December 5, 2015
It was only a matter of time before those abhorrent light and variable winds that combine their evil forces with defying and ferocious currents at least once every Shackleton Season crashed the party. But a drifter is not that uncommon at some point in practically any area where sailors may choose to do battle with one another. And still, there ARE worse ways to spend a day in December, particularly if it is sunny and the mercury is ascending to 60, than spending it at the lake. Dealing with light air on a balmy pre-winter day is not such a bad thing. Dealing with a bit of current on a balmy pre-winter day is not such a bad thing. The coalescence of both, however, is devastating to pretty much anyone desiring a fun sail, whether it be a leisurely one or part of a cutthroat competition. (I do believe our modest winter series lies somewhere in betwixt.)
Such grim forecasts always seem to get the wheels spinning in the heads of race committee members and boat captains, exposing the sailor's creative thought process (which is kind of scary thing). In the end we came up with four viable options on how to best approach the foreboding conditions bestowed upon us hapless mariners:
1. Set one of those downstream only courses. This is also known as a White Flag Race, surrendering to the conditions and metaphorically dropping back ten yards and punting. In the end we find out who is a true champion at simply going with the flow. We have done them before...more perhaps than we care to admit. Well, in actuality, we have admitted to it every time one of these race reports gets published.
2. Have an upstream-downstream course but set a time limit of say 2 hours and have a pursuit start, basing start times on a time-on-time handicap, rather than the time-on-distance we use. After 2 hours, we take our positions on the lake and we score in order of everyone's position on the course at that time. Of course, trying to make one's way upstream in swift current in a pursuit race can still result in the last boat to start take the lead...simply by just crossing the start line, all the other boats having been swept downstream by then. This has actually happened in a race before, even one that was not a pursuit start. Flashback to Race 3 in 2006: Beago (Chuck's O'Day 222) was on the course side of the starting line when the race began. Weaving in and around the fleet, Beago laboriously worked back to the proper side of the line in an unexaggerated 30 minutes time. "Start the race yet, Chuck?" inquired a chuckling Mike on A Shot in the Dark. Noting Shot's position of having not made any upstream progress in 30 minutes, in fact having drifted a tad downstream Chuck cleverly replied, "Nope, but when I do I am going to be in front of you!"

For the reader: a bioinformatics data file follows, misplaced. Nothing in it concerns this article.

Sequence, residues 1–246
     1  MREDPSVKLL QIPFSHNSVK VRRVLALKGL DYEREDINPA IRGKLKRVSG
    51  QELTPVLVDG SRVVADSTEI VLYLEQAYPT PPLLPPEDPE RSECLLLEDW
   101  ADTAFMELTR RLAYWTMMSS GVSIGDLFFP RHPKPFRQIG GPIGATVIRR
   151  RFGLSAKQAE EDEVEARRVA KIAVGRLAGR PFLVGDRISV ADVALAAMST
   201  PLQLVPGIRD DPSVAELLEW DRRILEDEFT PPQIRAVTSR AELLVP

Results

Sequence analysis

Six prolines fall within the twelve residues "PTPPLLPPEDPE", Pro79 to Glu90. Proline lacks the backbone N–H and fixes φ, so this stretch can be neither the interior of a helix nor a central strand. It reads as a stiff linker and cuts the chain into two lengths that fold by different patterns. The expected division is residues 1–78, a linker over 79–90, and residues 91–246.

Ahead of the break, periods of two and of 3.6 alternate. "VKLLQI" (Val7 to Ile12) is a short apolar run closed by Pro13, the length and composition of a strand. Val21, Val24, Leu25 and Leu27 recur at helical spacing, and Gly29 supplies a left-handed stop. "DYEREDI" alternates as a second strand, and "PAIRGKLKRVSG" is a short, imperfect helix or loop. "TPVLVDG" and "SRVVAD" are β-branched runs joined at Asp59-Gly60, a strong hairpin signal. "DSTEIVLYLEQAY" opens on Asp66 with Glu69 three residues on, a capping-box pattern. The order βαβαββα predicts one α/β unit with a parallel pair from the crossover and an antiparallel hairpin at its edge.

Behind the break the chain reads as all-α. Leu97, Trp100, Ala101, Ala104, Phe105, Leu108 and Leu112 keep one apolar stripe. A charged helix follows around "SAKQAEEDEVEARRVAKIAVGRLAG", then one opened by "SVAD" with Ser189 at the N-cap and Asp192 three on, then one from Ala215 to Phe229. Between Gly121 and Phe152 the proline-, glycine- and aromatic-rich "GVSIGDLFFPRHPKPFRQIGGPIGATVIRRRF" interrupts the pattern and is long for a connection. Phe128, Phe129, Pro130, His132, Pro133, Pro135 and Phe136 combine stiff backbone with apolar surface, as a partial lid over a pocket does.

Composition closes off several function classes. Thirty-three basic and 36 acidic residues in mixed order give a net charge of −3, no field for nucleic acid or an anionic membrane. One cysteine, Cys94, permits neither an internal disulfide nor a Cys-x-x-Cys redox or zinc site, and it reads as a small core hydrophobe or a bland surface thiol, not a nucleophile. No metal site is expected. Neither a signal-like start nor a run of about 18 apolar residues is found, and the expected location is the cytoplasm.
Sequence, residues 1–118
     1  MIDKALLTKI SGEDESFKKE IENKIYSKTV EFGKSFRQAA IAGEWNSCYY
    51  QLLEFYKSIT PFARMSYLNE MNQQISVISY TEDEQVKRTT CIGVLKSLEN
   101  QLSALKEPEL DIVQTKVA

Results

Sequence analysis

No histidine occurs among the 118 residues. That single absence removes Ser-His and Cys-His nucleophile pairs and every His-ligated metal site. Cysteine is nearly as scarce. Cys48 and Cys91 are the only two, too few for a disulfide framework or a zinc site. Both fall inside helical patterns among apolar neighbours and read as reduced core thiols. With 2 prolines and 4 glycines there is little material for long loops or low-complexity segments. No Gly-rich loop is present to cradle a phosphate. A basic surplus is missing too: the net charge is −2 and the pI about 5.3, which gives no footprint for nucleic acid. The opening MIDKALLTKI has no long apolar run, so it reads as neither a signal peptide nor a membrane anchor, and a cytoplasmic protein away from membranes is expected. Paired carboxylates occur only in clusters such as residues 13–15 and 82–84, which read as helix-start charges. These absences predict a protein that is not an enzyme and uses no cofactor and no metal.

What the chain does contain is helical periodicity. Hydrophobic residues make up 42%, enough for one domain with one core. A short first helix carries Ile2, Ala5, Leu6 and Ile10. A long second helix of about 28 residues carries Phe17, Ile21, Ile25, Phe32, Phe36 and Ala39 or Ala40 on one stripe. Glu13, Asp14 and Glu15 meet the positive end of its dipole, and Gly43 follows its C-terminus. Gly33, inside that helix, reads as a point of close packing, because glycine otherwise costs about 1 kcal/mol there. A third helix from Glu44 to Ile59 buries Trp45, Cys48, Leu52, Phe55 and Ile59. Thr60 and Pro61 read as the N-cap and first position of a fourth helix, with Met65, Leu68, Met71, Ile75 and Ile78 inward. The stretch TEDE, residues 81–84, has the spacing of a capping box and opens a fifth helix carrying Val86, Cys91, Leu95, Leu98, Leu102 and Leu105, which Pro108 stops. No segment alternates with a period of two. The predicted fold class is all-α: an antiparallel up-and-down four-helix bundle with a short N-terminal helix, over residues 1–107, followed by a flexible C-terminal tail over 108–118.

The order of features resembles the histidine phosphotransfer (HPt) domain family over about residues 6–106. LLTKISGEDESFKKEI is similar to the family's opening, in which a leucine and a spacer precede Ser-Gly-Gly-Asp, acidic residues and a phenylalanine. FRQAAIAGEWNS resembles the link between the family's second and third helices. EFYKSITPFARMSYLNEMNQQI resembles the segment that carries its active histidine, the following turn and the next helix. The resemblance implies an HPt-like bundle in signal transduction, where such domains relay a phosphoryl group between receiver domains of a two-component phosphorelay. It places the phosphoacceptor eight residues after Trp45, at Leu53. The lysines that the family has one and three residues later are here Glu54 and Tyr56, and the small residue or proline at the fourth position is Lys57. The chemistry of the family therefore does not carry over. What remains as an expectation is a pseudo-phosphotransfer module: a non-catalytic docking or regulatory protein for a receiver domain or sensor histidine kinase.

3. Don't even venture out into the main channel. Conduct the race back in the marina harbor utilizing the creek channel markers and the No Wake sign. The idea is not without merit as not only would we be protected from a snarling current, often times there is a draft the will funnel into the mouth of the creek and build into a small breeze through the narrows of the channel. And thus, we are provided a light wind in the harbor. By the way, this is also know as "sucker wind" - the kind that dupes one into believing there is some real wind out in the channel causing one to gear up and hank on jibs and such, only to arrive in the channel to see a placid pool of water. We would probably have to make a dozen laps in the harbor just to make it a 2 mile course or so, the equivalent of a short track in car racing or speed skating. Plus we would have an audience of the non-sailors - or even non participating sailors from the marina watching and probably heckling us.